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May 14, 2002


The opinion of the court was delivered by: Urbina, District Judge.



This matter comes before the court on the defendant's motion for summary judgment pursuant to Federal Rule of Civil Procedure 56. William Sanders ("the plaintiff" or "Mr. Sanders") brings this suit for damages under Title VII of the Civil Rights Act of 1964, 42 U.S.C. § 2000e et seq. The plaintiff claims that his employer, the U.S. Department of Agriculture, discriminated against him on the basis of his race and retaliated against him after he complained of unlawful discrimination. Specifically, the plaintiff alleges that his employer denied him promotions and reassigned him to a regional office, negatively affecting his career opportunities. Ann Veneman ("the defendant") is the Secretary of Agriculture, named in her official capacity.

On August 21, 2000, the defendant filed a motion to dismiss this action pursuant to Federal Rules of Civil Procedure 12(b)(1) and 12(b)(6) or, in the alternative, for summary judgment pursuant to Federal Rule of Civil Procedure 56. On February 22, 2001, this court held that the plaintiff had timely exhausted his administrative remedies and that the plaintiffs involuntary transfer could constitute an adverse personnel action within the meaning of Title VII. Sanders v. Veneman, 131 F. Supp.2d 225 (D.C. 2001). The court also rejected the defendant's contention that the plaintiff had to establish his prima-facie cases of discrimination and retaliation in his complaint. Id. at 230-31. The court noted that the D.C. Circuit had recently made it clear that a plaintiff did not have to set forth a prima-facie case in the complaint. Sparrow v. United Air Lines, Inc., 216 F.3d 1111 (D.C.Cir. 2000).*fn1 Accordingly, the court denied the defendant's motion to dismiss and, consequently, denied the defendant's motion for summary judgment as premature. Sanders, 131 F. Supp.2d at 231.

Now that discovery has closed, the defendant moves for summary judgment on the plaintiffs discrimination and retaliation claims. For the reasons that follow, the court denies the defendant's motion for summary judgment and allows the plaintiffs claims to proceed to trial.


An African-American man, Mr. Sanders works as a GS-13 Criminal Investigator in the Office of Inspector General ("OIG"), a division of the U.S. Department of Agriculture ("USDA"). Compl. ¶ 5. Between November 1995 and March 1996, Mr. Sanders applied for four GS-14 Criminal Investigator vacancies within the OIG. Pl.'s Opp'n to Def.'s Mot. for Summ. J. ("Pl.'s Opp'n") at 4; Def.'s Mot. for Summ. J. ("Mot. for Summ. J.") at 2. He made the "best qualified" list for each promotion but did not receive any of them. Id. Instead, the defendant chose two white men, one African-American man, and one Hispanic man. Pl.'s Opp'n at 4; Mot. for Summ. J. at 3. The defendant announced the selection of one of the white men and the African-American man on January 16, 1996, and announced the other two selections on March 25, 1996. Mot. to Dismiss at 2.*fn2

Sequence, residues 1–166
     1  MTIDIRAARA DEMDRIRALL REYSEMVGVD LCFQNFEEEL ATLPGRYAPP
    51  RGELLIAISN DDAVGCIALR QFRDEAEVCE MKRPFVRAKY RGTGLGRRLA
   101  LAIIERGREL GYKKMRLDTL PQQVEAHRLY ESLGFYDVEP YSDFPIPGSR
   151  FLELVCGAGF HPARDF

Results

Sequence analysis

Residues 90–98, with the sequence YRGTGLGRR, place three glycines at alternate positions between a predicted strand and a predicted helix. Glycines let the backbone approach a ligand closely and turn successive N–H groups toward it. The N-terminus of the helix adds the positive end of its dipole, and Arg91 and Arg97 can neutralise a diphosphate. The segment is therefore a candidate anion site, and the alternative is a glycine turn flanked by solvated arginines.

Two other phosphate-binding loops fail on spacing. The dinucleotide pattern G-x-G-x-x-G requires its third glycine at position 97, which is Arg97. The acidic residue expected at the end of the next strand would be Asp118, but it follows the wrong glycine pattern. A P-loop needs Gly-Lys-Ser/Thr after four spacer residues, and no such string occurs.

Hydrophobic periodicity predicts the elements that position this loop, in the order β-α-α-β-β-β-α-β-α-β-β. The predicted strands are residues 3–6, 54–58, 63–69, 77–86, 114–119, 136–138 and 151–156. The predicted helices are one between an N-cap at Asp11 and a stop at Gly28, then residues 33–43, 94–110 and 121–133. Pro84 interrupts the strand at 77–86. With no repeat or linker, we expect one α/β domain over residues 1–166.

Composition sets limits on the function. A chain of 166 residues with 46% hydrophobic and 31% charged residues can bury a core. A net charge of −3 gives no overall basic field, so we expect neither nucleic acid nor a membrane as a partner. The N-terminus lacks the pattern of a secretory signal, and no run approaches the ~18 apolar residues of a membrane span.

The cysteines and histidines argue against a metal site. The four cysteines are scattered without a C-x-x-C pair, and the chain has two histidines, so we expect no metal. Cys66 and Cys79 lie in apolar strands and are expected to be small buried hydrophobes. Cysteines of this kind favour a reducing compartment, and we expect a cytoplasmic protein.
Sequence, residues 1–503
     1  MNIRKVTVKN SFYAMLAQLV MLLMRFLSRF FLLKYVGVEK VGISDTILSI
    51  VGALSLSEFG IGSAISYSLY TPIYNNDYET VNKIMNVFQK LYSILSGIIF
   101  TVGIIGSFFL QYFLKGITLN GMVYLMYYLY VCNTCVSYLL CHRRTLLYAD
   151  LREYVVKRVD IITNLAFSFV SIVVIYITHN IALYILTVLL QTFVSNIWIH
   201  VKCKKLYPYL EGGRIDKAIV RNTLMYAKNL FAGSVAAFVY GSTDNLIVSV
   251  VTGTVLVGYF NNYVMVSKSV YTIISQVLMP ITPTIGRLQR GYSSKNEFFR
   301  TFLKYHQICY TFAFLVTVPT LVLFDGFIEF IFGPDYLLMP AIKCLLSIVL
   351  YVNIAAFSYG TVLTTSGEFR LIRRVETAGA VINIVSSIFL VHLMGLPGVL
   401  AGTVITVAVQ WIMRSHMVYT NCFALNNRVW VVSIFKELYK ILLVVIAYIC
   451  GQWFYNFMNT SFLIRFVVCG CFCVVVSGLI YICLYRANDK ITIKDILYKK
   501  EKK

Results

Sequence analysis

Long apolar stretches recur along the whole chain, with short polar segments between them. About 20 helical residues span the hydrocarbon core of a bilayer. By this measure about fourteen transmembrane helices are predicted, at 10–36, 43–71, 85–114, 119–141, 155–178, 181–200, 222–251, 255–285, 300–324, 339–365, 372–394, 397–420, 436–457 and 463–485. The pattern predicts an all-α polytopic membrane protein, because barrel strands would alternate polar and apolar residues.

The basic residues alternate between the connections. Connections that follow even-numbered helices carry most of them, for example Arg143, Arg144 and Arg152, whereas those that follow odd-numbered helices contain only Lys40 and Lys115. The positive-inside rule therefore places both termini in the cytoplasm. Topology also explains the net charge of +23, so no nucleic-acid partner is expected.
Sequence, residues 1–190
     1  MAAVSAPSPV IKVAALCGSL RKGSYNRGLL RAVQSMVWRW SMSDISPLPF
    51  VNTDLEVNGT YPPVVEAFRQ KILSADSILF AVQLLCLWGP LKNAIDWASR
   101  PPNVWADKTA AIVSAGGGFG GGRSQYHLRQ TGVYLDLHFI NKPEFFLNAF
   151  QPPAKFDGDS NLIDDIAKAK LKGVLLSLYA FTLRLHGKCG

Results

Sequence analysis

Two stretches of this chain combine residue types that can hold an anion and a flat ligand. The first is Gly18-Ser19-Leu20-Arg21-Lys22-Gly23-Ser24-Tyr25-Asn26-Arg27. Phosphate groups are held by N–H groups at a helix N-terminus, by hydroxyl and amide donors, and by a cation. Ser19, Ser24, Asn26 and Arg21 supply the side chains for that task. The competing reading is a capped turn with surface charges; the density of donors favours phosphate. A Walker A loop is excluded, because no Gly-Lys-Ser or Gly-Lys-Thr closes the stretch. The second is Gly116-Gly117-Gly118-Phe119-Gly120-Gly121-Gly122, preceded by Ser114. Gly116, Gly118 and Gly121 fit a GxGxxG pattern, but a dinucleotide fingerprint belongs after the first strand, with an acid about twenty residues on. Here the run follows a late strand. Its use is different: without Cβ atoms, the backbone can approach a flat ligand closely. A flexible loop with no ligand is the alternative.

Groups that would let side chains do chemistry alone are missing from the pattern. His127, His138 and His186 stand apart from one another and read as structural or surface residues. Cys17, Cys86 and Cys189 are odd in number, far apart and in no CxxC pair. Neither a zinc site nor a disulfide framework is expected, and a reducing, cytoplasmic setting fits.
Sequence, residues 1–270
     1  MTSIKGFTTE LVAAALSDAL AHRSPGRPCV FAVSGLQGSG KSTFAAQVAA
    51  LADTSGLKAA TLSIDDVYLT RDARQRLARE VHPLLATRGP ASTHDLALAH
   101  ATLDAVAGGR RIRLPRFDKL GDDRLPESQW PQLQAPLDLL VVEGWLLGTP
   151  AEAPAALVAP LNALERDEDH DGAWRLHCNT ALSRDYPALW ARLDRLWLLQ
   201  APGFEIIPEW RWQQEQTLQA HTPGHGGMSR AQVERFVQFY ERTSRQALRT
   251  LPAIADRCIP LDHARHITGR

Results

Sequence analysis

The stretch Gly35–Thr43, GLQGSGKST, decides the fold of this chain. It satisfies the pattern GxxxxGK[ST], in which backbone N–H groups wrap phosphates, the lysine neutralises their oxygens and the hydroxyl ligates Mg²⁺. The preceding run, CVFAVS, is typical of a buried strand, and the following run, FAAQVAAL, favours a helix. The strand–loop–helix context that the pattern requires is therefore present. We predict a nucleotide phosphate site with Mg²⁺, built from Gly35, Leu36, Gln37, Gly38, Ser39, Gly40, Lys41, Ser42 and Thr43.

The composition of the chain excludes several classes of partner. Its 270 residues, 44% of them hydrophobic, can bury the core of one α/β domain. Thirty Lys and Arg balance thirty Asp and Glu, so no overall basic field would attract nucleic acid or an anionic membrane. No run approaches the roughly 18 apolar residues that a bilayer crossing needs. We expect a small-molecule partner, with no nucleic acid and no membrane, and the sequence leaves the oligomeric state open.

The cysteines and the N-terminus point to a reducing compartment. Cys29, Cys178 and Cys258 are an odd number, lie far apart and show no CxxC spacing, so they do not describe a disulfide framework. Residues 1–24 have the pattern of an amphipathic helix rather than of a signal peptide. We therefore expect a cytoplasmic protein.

Mr. Sanders asserts that Craig Beauchamp, the Assistant Inspector General, was both the selecting official for the four promotions and the official who authorized Mr. Sanders's transfer to the regional office. Id. at 3-4. Mr. Sanders claims that Mr. Beauchamp was aware of his involvement in a "coalition to address problems that confronted African-Americans" within the OIG. Id. at 3. On November 2, 1995, Mr. Sanders allegedly arranged and participated in a coalition meeting, the purpose of which was to discuss EEO problems in the office, including fewer promotional opportunities for African-Americans. Pl.'s Opp'n at 4. According to Mr. Sanders, Mr. Beauchamp attended this meeting. Id.

While Mr. Sanders was pursuing a promotion, Mr. Beauchamp allegedly assured him he would be promoted to Mr. Millard Reid's GS-14 position in the Washington office when Mr. Reid retired. Pl.'s Opp'n at 6. Mr. Sanders claims that this assurance prevented him from recognizing a pattern of discrimination in the promotion decisions. According to Mr. Sanders, he realized he was being discriminated against only when he received notice of his reassignment on May 26, 1996. Pl.'s Opp'n to Mot. to Dismiss at 3-4.